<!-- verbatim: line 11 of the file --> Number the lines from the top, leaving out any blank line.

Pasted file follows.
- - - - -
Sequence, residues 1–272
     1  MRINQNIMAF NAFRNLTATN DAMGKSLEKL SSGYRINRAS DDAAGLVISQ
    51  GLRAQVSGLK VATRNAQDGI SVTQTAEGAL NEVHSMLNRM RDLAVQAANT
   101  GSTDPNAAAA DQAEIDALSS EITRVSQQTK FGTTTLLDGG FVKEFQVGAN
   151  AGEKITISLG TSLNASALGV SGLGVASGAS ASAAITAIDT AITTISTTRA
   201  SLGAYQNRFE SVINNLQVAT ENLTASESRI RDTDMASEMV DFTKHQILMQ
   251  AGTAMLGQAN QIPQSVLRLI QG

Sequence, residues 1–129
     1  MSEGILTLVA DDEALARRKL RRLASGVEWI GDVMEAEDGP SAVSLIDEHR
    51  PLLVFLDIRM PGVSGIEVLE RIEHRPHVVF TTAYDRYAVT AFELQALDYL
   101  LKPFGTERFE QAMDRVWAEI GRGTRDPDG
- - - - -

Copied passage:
   101  LKPFGTERFE QAMDRVWAEI GRGTRDPDG